• Functional testing is concerned with how well the system works, but non-functional testing is concerned with how well the system responds. For instance, functional testing may test the mechanism for inputting data, but non-functional testing may test the speed at which a document is saved.

  • Functional testing is largely based on the customer’s requirements, but its counterpart is based on the customer’s expectations. Unlike previously, modern businesses differentiate between the customer’s requirement and expectation and the growing emphasis placed on the customer’s expectation has made non-functional testing a non-negotiable.

  • Customer feedback has far greater utility for non-functional testing. Even though functional testing also benefits from this feedback (as it helps reduce the risk factors of the product), non-functional testing stands to gain (and lose, if customer feedback is not provided) a lot more because it lets the testers know what the customer expects and helps them improve the product.

  • It is hard to conduct a thorough and efficient non-functional testing process in the absence of appropriate tools. This is not a problem with functional testing which could also be done manually with the same efficiency.

  • Functional testing is performed only before the application goes live. Certain types of non-functional testing such as maintenance testing and documentation testing are required to be performed once the application has gone live.

  • Another key difference lies in the very nature of the requirements on which the tests are based. While functional requirements specify which functionality needs to be tested, non-functional requirements define how it needs to be tested. Also, the implementation plan for both types of requirements are described in separate places; the one for functional requirements is defined in the system design document while that of the non-functional requirements is defined in the system architecture.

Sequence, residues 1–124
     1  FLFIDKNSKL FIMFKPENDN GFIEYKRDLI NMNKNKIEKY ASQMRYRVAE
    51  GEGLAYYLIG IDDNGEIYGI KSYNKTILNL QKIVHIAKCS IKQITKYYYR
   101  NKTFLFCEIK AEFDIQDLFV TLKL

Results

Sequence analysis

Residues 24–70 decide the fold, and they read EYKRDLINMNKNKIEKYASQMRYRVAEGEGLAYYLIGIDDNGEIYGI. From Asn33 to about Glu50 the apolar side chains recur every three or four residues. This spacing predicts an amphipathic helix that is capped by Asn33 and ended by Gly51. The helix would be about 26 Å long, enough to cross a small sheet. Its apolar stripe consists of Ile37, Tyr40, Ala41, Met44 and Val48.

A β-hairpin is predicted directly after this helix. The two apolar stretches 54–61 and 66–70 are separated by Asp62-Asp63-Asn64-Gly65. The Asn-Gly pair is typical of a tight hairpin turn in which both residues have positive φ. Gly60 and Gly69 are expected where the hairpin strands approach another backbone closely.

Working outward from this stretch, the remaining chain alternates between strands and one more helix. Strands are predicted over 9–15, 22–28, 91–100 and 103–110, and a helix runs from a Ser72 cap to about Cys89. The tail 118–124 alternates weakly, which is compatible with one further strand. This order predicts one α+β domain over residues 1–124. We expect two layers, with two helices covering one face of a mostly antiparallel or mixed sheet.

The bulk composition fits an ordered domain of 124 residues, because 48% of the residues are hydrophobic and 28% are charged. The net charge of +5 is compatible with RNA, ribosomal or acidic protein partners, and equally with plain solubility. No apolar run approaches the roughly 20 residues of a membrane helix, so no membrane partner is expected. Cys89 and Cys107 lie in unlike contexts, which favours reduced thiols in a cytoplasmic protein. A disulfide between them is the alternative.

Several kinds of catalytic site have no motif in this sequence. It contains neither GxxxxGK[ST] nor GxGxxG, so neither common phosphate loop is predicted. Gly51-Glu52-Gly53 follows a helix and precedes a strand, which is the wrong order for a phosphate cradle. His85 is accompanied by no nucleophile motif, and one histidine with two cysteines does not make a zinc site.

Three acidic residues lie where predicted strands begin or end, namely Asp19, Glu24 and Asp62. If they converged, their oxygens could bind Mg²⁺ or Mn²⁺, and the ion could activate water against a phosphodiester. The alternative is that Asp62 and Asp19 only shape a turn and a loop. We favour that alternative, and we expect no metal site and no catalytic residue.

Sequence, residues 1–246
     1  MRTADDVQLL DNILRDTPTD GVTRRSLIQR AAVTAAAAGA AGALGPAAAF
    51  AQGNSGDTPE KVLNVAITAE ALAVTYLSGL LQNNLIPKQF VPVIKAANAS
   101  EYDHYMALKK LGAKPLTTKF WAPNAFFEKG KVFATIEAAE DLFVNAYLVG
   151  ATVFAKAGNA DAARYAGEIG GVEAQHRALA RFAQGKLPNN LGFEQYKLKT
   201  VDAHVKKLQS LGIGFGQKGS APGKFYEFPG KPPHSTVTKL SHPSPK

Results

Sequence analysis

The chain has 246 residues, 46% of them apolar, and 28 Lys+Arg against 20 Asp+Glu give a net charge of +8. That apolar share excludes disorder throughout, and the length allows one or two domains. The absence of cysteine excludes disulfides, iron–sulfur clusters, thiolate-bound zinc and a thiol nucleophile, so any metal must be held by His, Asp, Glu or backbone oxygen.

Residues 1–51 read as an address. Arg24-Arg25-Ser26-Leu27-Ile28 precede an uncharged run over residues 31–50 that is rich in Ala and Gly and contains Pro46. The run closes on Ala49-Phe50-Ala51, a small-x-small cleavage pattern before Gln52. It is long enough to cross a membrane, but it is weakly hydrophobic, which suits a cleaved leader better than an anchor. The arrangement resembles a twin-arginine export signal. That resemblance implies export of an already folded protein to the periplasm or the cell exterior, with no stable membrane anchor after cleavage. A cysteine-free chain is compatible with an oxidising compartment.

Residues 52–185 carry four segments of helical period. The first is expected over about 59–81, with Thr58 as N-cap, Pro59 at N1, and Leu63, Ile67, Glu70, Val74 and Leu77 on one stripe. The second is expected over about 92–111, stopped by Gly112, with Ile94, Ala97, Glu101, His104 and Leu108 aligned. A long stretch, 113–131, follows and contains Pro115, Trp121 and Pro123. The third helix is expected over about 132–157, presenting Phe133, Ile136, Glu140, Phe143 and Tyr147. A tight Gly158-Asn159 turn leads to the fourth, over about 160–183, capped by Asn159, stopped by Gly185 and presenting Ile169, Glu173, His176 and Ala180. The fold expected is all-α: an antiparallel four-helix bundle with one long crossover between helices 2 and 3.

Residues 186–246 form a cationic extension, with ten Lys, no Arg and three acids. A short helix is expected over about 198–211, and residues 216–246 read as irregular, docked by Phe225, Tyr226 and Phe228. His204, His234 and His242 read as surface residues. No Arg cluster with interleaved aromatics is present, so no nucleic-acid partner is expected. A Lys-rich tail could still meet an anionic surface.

• The functional vs non-functional testing comparison could be better explained through its examples. Under functional testing, you may test if providing the username and password on the login screen allows users to log in to the site. Under non-functional testing, for example, you check if the user can login to the site within 3 seconds by providing the username and password.

Types of Non-functional Testing

Types of non-functional testing

Among the many variants of NFR testing, the following are the most important non-functional testing types.

Performance Testing

Performance testing is done to evaluate the system’s overall performance. The process involves measuring the response time of the system as a whole and that of the crucial app elements as well. This test may be conducted as a part of integration testing or even system testing.

Load Testing

Load testing is one of the most important non-functional testing types. It is done to evaluate the system’s performance under normal conditions. The normal usage scenario is repeated with a large number of users to determine the consistency of app response times. Load testing helps to ascertain the system’s ability to handle the sustained pressure of multiple users logging in concurrently. Make sure that you conduct the test on a dedicated server which creates a simulation of the actual environment and that the database is realistic.

Stress Testing

Stress testing is done to assess how the system reacts when it is pulled beyond its capabilities. The difference between stress testing and load testing is that only the maximum allowable load is generated in load testing whereas the load generated in stress testing is beyond what you expect the system to handle. This test helps to evaluate if the system performs along expected lines when it is low on resources.

Volume Testing